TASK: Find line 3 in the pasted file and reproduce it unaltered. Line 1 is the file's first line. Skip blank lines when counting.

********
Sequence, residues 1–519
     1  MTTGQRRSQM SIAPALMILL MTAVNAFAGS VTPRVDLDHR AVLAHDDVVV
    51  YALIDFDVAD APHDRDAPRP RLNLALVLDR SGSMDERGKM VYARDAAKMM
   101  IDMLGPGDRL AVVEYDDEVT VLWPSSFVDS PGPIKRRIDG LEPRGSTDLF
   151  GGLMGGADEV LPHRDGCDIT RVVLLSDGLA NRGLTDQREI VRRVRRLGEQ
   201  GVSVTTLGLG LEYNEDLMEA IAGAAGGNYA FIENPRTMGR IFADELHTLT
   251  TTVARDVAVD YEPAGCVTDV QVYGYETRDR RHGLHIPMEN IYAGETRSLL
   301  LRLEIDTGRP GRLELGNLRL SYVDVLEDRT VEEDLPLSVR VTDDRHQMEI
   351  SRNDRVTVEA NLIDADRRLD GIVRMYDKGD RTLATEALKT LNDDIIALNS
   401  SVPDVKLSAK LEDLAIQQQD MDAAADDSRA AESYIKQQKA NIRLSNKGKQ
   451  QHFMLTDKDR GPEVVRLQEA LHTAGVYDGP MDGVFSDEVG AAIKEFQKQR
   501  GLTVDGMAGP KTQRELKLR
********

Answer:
    51  YALIDFDVAD APHDRDAPRP RLNLALVLDR SGSMDERGKM VYARDAAKMM